GoChengdoo is the online spin-off of a monthly magazine covering all the latest news and events in Sichuan province’s capital city.
GoChengdoo’s greatest strengths are its Travel and What’s On sections, the latter featuring events spanning from weekly bar specials and Chamber of Commerce networking mixers to the city’s biggest music festivals. The Travel section has beautifully written articles with stunning accompanying photos that describe unique locations within Sichuan and surrounding provinces, often detailing places that one may not typically find in a guidebook or any other English-language sites.
The ‘Reviews’ area is also a great resource for restaurant information; the website’s active user base is consistent in delivering their opinions on Chengdu’s vast range of food and drink establishments, whether international or Chinese.
Regular contributions to the Classifieds section are also a strong point as users can view jobs offered, housing/rentals, as well as items to buy/sell – including “rare” finds for sale by foreigners such as coffee makers, e-bikes, and dogs. One of the site’s weaker points is its forum, which is often spammed or used as a sales tactic for local businesses.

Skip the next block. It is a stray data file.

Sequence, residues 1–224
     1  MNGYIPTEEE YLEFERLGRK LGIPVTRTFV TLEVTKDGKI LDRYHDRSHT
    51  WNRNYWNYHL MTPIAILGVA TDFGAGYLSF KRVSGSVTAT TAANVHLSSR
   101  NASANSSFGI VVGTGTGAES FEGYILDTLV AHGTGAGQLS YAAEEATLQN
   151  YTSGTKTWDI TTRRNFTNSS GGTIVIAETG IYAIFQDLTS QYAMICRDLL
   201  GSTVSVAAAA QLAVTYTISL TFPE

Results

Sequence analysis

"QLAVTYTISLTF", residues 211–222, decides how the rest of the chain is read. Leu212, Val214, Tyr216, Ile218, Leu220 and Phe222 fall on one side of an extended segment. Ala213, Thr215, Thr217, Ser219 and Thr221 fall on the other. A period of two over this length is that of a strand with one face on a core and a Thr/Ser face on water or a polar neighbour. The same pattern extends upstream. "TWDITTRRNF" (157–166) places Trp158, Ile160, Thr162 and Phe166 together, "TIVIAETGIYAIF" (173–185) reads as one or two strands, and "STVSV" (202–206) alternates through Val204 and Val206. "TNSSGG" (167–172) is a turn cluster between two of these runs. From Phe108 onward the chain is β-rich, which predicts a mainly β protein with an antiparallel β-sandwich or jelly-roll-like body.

In contrast to GoChengdoo, Chengdu Living has a well-maintained, lively forum populated by locals and foreigners engaging in discussion. New items, events, bar/dining specials and promotions are often circulated through the forum, accompanied by never-ending banter and debate. The forum alone is an excellent resource on life in China, with guides to using TaoBao (Chinese eBay), advice on buying property, English-language job offers in the local hospitality industry, detailed information on unique events run by the expat community and general q&a for newcomers to the city of spice and pandas.
Chengdu Living also features beautifully written, magazine-style articles by several long-term expats. Topics are distinct and range from interviews with a local Jiu Jitsu expert, a guide to marijuana in Sichuan, a how-to on bypassing visa fines, buying tea in Chengdu, a series on giving birth and raising a child in China from a foreigner’s perspective, as well as things like business, language, culture, and love-related features. Although many of the articles take a uniquely Sichuan-ese angle, the information found here can be applied to life in any city in China.
A more recent addition to the site is “Chengdu Places”, which lists tourist attractions, restaurants, bars, shops, parks, transportation and more either by category or by area of the city. Reviews are well-written, thoughtful and feature quality photos as well as price range, Chinese address details and Google Map.